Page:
We all should be very weary of what corporations and unions try to shove down our throats. But, hey, I've got a novel idea; rather than object, out of hand, what either one is supporting, why not investigate for yourself which candidate is right for you. The only way this ruling can have any affect is if we allow it! We are individuals in a democratic system, we have an obligation to be informed.

0

commuter 4 years, 2 months ago

tomatogrower (Anonymous) says…

This voter will be watching who the corporations are supporting then vote for the other one. +++++++++++++++++++++++++++++++++++++++++++

What about unions? I will watch who the unions are supporting, then vote for the other one.

In previous elections were corporations contributing to PACs, then the PACs were running ads against certain canidates??

Doesn't the unions run ads also??

0

Mixolydian 4 years, 2 months ago

The provision struck down recently by the court in McCain Feingold has only been around since 2002.

Were we all ruled by our corporate overlords before then?

A lot of hand wringing and teeth gnashing for nothing.

0

jaywalker 4 years, 2 months ago

"You're right— the “wing” part is unnecessary"

Whoops, missed that gem. Ha-yuk!

nota,

Yeah, I know it. Sad, right?

0

tomatogrower 4 years, 2 months ago

This voter will be watching who the corporations are supporting then vote for the other one.

0

jaywalker 4 years, 2 months ago

"The “choice” of chicken strips or chicken nuggets or chicken tenders is not much of a choice when you want Italian food."

Now that one made me laugh out loud. Thanks for the chuckle, scott, and I see where you're coming from now.

0

georgiahawk 4 years, 2 months ago

Thank you Scott3460 and anon1958!

0

anon1958 4 years, 2 months ago

Hoeflich views the world through rose colored glasses. He is number one cheerleader for the KU administration, surely people have noticed that. This ruling is a disaster and regresses our democratic system about a century.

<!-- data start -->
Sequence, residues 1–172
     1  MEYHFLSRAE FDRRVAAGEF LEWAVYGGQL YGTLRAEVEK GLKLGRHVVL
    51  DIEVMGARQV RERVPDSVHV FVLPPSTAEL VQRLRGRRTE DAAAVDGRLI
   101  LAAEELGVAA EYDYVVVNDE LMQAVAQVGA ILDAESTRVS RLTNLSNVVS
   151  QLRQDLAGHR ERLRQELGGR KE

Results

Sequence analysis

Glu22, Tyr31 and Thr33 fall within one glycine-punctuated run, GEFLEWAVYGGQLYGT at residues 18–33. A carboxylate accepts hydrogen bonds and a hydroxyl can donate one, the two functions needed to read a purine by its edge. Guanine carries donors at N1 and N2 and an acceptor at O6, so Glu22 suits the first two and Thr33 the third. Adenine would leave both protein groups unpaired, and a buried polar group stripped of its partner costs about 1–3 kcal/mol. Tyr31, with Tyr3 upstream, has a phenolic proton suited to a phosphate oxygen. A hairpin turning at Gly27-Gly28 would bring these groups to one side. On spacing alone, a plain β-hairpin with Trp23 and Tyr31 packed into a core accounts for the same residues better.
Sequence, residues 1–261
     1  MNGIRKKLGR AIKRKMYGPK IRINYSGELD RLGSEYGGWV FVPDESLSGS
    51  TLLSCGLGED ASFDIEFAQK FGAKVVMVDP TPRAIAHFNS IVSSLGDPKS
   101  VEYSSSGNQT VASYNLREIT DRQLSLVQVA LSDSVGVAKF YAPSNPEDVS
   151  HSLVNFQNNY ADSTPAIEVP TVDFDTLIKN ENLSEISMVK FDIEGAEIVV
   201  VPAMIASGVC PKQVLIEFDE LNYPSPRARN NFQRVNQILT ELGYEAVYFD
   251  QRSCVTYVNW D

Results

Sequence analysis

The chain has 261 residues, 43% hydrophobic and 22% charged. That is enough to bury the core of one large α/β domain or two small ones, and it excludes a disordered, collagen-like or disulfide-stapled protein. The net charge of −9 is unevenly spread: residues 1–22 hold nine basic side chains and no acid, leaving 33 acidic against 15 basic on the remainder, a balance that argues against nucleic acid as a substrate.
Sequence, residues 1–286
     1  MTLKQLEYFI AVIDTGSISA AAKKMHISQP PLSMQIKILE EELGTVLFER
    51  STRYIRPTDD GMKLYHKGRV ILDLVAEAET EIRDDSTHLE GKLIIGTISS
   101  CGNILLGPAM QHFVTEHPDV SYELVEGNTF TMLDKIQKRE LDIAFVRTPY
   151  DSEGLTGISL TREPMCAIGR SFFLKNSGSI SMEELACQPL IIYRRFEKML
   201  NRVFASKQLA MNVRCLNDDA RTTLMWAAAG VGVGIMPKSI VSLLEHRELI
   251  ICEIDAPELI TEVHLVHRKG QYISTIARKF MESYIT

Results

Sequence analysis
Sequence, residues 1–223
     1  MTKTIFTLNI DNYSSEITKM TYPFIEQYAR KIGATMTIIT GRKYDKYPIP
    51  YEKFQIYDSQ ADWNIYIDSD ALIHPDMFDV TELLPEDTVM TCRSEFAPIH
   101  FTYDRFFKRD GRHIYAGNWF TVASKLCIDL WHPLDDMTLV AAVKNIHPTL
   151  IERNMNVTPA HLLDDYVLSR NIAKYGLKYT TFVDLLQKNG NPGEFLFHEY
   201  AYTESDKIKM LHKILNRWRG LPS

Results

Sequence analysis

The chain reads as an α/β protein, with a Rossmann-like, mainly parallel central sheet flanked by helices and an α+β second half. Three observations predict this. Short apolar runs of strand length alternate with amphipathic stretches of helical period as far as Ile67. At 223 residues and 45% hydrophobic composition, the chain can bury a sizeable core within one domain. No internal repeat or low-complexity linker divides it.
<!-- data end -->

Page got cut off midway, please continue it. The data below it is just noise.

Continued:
Also, it is not just democrats that believe most voters are dense. The republican bread and butter is disinformation and fear mongering. A big issue for republicans has always been to cut education funding whenever possible. For, the most part, the electorate is indeed disinterested and poorly informed about important political issues, that is just a fact.

Another well known fact is that most people vote with their emotions rather than having their intellect inform them. That is why so many lower and middle income people support the republicans and actually vote against their own best interests.

The emotion over intellect has never been demonstrated more clearly than by all the people who are low income and are dead set against health care reform.

0

scott3460 4 years, 2 months ago

" corporation, like a partnership, sole proprietorship, union, etc. is simply a collection of….wait for it….people. A corporation is a legally created entity and cannot act without people. There are responsible corporation and irresponsible ones, ethical and unethical ones, just like humans. If you had a great idea and wanted to incorporate your business, would that automatically mean the corporation would be at odds with you, its sole shareholder and employee? Of course not.